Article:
Throughout 2013, we had regular conversation with other stakeholders such as trade associations, road safety authorities, non-governmental organizations (NGOs) and international think tanks on alcohol policy, such as the International Centre for Alcohol Policy and the Global Alcohol Producers Group (GAPG). Our dialogue covered social issues and responsibility towards alcohol through a variety of methods at both the Group and local levels in 2013.
Our campaign messages are also a part of our ongoing stakeholder dialogue in fostering consumer responsibility towards alcohol and in cultivating a positive attitude towards alcohol through the HEINEKEN brand. One such campaign at the regional level is “Have a Good Night Out”, which featured a series of six tongue-in-cheek animated lessons with tips on how to drink responsibly. It was easy for consumers to relate to and helped to encourage consumers to cultivate a positive attitude towards drinking alcohol.
[Copy extracted from full report] 
Publication: P@SSPORT 
For: Singapore Tourism Board (STB) 
Issue: 4, May/Jun 2014
Section: Market Watch 
With a population of approximately 23 million, Australia is the 12th largest economy in the world and boasted the world’s fifth highest income per capita in 2012. This has increased the appetite for travel among Australians, as reflected by the increasing outbound travel numbers, from 7.8 million (2011) to 8.2 million (2012). This is expected to grow to 10.5 million by 2017. Other factors leading for growth are the strong Australian dollar, the increasing number of empty nesters (people whose children have grown up and no longer live with them) and the growing network of low-cost carriers.
Singapore is ranked eighth as a travel destination for Australians, with a six per cent year-on-year growth rate. The peak period for travel is from December to January during school holidays and Christmas break and a majority (87 per cent) travel for leisure.
However, since the Australian dollar weakened in 2013, value has remained a key consideration for outbound travellers while visiting friends and relatives overseas come in second. Top hindrances to travel include currency exchange differences and cost considerations, but these are unlikely to stop Australians from travelling.
1. Satisfying Wanderlust
·       Travel is associated with freedom and self-improvement
·       A need to escape from routine and stress of everyday life
·       Opportunity to spend quality time with a partner or family and friends
·       To explore the unknown and enjoy new experiences
·       Australians are seasoned laid-back adventurers who seek rich, immersive travel experiences that allow them to experience another culture on a deeper level.
2. Super Social Information Seekers
·       Spend more time on the Internet than traditional media
·       Decisions are influenced by social media
·       Active content generators
The Social Age
Internet penetration: 82% (only non-European country in the top five)
Desktop: 76%
Laptop: 75%
Mobile: 55%
“Liked” brand or organisation: 57%
“Shared” content: 46%
Read opinions on blogs and forums: 70%
Use rich media to inform purchase decisions: 60%
Post reviews of brands, products and services: 39%
Make flight and accommodation bookings online: 55% (2011/12)
Information sources before travel
Online: 59%
Travel Agent: 44%
Recommendation from past visitors: 33%
Travel Guide: 26%
Recommendation from friends/relatives who live at destination: 18%
After-trip advocacy
Talk to friends or family: 61%
Email friends or family: 50%
Share photos or videos face-to-face: 36%
Travel review sites such as TripAdvisor are often used. Because of this massive shift to the virtual space, traditional brick-and-mortar agents such as Jetset Travelworld Group have adapted accordingly using a “clicks-and-mortar” model, which enhances customer experiences through the seamless switch from online to offline in instances of booking or research.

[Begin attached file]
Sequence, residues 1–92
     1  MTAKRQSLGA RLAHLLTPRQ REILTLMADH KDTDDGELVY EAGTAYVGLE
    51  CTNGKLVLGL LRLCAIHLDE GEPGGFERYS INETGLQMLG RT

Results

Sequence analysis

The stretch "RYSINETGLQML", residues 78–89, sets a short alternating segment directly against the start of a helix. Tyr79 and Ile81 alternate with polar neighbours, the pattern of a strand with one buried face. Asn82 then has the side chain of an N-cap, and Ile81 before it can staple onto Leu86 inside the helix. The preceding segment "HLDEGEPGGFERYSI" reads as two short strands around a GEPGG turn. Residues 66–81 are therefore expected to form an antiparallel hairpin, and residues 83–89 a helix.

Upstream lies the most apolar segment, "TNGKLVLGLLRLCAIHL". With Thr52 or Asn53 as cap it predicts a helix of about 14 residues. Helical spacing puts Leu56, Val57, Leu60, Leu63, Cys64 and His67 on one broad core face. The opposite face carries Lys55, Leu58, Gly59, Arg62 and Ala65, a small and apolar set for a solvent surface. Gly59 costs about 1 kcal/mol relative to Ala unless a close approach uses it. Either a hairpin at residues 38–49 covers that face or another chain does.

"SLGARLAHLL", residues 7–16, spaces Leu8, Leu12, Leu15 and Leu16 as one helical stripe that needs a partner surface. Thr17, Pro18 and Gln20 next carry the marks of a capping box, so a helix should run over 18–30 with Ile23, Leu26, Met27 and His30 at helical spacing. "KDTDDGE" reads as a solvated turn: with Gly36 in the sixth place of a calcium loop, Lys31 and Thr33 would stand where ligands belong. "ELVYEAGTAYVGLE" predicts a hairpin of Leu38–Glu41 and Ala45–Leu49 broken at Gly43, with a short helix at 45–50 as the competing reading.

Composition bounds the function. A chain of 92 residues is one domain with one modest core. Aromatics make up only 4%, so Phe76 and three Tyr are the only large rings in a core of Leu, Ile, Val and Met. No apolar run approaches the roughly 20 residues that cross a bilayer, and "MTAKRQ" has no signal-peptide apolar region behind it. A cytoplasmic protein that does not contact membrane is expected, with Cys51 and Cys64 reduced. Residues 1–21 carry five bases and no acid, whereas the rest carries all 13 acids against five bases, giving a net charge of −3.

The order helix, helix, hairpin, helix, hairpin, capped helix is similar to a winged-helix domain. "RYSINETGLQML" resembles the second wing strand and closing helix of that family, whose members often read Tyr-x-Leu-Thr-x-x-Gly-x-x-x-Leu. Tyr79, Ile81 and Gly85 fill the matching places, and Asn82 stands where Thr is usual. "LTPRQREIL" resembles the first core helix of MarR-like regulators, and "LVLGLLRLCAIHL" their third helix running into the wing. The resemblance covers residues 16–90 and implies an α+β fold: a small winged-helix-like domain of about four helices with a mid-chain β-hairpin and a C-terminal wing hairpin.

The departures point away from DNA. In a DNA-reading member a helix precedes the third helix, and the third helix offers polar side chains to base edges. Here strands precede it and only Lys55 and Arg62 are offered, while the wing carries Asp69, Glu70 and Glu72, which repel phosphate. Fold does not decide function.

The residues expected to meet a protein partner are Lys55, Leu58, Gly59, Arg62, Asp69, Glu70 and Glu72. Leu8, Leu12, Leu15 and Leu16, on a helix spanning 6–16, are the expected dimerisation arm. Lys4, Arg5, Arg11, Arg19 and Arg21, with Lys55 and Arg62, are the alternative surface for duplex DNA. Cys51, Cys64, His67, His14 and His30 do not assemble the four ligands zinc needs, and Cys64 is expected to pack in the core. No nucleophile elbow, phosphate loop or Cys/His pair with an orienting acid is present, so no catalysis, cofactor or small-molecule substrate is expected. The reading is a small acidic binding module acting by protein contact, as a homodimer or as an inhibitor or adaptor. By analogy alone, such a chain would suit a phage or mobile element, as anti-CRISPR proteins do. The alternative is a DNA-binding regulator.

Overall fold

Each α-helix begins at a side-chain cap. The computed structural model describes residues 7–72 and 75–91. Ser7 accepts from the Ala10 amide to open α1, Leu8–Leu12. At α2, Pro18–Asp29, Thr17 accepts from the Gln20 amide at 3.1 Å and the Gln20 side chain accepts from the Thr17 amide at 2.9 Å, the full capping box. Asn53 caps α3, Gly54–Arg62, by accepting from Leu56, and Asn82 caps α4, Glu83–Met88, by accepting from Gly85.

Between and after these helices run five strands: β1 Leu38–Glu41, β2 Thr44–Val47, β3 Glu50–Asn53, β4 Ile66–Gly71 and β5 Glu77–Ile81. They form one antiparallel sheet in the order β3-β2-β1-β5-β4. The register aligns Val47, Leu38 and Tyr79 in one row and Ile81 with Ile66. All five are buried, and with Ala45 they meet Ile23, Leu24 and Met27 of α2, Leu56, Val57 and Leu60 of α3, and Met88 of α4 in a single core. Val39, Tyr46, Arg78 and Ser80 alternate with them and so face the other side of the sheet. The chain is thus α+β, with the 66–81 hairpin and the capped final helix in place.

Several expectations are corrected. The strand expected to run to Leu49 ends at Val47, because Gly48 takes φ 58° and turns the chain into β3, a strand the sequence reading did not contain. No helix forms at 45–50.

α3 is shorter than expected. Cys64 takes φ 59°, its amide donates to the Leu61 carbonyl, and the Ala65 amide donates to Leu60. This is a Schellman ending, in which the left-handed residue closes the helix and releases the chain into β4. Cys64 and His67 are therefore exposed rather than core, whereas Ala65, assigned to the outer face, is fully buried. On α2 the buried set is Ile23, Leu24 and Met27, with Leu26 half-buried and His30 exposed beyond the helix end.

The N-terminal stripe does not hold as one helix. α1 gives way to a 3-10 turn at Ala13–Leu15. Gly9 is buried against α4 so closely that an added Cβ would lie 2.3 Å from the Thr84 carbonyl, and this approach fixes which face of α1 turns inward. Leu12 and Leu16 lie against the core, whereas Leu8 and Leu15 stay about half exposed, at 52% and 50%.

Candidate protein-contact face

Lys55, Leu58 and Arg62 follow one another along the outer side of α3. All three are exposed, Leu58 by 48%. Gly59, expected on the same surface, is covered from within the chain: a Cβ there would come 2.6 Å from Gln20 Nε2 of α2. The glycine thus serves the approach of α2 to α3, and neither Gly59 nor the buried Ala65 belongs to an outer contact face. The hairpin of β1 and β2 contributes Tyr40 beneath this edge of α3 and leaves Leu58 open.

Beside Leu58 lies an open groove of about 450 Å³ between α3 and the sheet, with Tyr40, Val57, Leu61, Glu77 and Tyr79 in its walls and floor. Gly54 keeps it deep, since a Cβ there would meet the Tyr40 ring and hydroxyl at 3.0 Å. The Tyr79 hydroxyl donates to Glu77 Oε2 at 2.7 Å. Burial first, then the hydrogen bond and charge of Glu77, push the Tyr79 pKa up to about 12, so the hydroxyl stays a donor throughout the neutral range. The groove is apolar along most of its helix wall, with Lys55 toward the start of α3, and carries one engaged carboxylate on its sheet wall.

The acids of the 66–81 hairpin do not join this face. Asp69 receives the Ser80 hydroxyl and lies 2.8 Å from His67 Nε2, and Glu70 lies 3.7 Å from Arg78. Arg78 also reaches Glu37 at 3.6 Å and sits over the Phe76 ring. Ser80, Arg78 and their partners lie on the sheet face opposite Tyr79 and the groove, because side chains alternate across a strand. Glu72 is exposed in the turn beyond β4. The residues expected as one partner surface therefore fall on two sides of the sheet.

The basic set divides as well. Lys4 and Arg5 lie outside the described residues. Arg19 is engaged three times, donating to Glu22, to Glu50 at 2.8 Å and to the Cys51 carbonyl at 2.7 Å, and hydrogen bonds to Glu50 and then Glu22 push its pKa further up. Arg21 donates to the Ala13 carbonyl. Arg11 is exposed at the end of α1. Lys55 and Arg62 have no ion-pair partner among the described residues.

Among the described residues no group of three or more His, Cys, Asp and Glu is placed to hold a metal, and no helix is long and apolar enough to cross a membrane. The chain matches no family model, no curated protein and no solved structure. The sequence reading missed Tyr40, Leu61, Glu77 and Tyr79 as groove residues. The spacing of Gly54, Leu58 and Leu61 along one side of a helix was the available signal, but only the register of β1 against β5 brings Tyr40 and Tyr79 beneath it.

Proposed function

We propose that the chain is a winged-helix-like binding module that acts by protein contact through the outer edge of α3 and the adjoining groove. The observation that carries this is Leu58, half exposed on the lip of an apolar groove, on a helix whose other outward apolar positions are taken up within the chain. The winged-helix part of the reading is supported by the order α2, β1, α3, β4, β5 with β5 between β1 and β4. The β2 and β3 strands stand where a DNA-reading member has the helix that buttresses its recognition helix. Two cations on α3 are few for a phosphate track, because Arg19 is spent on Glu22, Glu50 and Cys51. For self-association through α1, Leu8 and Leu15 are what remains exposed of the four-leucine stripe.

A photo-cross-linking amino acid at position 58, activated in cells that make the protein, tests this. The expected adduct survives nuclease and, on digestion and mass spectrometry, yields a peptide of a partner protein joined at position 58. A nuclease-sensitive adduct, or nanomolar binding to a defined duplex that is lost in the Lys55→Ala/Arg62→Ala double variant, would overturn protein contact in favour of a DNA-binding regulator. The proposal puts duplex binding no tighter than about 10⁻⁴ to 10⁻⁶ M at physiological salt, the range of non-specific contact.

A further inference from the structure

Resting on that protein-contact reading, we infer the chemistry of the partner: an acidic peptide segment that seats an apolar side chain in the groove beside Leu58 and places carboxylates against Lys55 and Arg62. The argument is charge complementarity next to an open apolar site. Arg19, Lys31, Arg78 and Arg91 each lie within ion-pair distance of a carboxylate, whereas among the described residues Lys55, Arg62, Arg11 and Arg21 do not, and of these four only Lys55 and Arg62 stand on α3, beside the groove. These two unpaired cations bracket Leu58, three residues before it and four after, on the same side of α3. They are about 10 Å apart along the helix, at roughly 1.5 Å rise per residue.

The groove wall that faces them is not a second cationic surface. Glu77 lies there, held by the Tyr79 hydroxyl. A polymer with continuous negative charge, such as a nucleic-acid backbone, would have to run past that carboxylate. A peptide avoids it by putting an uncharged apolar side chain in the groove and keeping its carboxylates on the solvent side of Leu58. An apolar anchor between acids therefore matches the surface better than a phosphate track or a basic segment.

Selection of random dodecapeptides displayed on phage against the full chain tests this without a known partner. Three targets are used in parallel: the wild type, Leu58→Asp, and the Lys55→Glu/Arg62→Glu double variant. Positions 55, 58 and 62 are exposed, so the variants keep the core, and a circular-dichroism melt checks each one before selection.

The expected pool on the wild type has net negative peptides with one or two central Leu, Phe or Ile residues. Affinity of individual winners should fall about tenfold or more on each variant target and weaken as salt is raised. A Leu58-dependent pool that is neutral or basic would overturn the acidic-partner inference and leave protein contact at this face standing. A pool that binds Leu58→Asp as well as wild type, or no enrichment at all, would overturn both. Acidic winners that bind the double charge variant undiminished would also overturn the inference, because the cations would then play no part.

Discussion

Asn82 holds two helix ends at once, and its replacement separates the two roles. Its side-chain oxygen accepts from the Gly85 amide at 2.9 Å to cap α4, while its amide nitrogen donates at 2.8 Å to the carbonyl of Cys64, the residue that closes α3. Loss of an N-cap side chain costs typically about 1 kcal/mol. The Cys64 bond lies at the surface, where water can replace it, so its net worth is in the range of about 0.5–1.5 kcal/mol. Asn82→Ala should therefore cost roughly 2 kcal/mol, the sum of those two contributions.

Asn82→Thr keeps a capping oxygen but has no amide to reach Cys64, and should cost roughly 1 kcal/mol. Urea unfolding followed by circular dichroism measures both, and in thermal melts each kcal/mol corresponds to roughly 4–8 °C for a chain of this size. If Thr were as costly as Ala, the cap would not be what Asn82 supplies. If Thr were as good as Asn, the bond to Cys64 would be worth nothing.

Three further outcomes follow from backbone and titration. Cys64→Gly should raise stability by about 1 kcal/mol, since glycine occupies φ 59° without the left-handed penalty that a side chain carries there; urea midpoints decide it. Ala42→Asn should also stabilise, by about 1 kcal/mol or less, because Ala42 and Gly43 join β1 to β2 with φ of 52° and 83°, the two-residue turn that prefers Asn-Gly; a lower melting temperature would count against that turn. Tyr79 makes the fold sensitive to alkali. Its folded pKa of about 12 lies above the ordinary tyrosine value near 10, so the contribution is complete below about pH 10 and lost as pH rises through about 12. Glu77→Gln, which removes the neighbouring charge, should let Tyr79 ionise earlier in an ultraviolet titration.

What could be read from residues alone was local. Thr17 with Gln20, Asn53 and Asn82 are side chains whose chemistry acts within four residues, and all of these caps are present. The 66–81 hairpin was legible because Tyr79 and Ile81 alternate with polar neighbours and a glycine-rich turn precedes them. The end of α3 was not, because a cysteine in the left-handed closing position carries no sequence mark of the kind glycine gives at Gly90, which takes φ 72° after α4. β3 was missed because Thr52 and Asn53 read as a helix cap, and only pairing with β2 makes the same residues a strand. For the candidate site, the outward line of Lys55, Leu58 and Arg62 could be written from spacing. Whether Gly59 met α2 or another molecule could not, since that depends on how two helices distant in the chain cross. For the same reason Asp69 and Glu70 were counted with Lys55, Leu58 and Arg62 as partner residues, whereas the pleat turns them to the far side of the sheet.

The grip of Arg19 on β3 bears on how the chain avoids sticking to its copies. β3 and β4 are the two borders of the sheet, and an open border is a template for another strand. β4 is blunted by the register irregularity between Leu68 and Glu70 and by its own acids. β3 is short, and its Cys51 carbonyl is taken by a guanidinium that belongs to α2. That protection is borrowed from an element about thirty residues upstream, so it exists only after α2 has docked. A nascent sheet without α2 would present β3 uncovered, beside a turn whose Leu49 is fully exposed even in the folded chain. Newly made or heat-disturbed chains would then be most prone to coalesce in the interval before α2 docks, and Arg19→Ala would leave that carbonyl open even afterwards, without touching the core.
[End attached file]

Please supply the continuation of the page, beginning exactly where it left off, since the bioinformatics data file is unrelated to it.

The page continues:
Interestingly, travel agents remain the second go-to source of information because they provide greater insight on a destination and their expertise gives them an edge over their online counterparts. Australians also rely on more traditional sources such as brochures or maps picked up at the destination or the visitor information centre. This is probably due to exorbitant roaming fees charged by Australian telcos, but this is expected to change, as new regulations requiring transparency in overseas roaming charges was implemented in September 2013.
One in three leisure travellers plan four to six months ahead of their holiday. However, most plan one to three months in advance, while almost half book their trips in that period. This contrasts with other markets such as China and Japan, and could be because Australians take time to plan for a unique travel experience. In addition, they have higher expectations of longer-haul or international trips; hence they cater bigger budgets and naturally have to spend more time planning.
The Australian Leisure Traveller
Singapore is perceived as no different from other city destinations such as Melbourne. Strong stereotypes persist among those who have not been here or have not visited recently, that Singapore is sterile and boring, with strict rules and laws. There is also an impression that everything is “hidden” in Singapore, making it difficult to find out more about the country.
All is not lost — it helps that it is now easier for Singapore to position herself as a destination as opposed to a stopover. Flights from Sydney to Europe no longer transit in Singapore as of March 2013 due to the Qantas-Emirates alliance. And in June 2013, Qantas added new direct flights daily between Singapore and Sydney, helping to establish the authenticity of Singapore as bona fide destination. In addition, 45 per cent of previous visitors are “very likely” to recommend Singapore as a leisure destination. Also, a third of repeat visitors perceive Singapore as a “must-see” destination. Findings show that Australians visit us for iconic factors: Raffles Hotel, chilli crab, Singapore sling, the chewing gum ban and our cityscapes. The bustling nightlife is also an incentive to visit.